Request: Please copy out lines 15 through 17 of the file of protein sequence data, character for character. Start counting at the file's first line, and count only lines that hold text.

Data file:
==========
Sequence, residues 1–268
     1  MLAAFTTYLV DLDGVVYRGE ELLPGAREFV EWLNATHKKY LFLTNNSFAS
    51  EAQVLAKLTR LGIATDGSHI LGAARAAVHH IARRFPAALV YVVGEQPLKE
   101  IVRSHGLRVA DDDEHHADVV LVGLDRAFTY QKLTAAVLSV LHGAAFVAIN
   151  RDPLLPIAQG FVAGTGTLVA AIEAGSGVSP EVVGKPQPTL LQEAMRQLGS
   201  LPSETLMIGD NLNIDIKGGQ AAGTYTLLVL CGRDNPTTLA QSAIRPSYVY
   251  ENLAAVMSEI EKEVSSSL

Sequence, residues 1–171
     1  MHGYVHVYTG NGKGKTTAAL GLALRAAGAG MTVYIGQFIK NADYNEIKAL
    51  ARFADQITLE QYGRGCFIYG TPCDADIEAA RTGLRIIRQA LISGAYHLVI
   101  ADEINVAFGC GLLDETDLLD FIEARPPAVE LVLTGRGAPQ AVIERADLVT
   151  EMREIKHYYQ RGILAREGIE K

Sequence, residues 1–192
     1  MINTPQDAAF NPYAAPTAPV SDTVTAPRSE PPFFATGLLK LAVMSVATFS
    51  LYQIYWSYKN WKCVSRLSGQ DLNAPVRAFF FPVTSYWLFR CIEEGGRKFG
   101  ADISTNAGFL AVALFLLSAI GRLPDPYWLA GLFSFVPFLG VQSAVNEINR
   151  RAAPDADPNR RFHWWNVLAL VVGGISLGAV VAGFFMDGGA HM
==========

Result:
    51  LYQIYWSYKN WKCVSRLSGQ DLNAPVRAFF FPVTSYWLFR CIEEGGRKFG
   101  ADISTNAGFL AVALFLLSAI GRLPDPYWLA GLFSFVPFLG VQSAVNEINR
   151  RAAPDADPNR RFHWWNVLAL VVGGISLGAV VAGFFMDGGA HM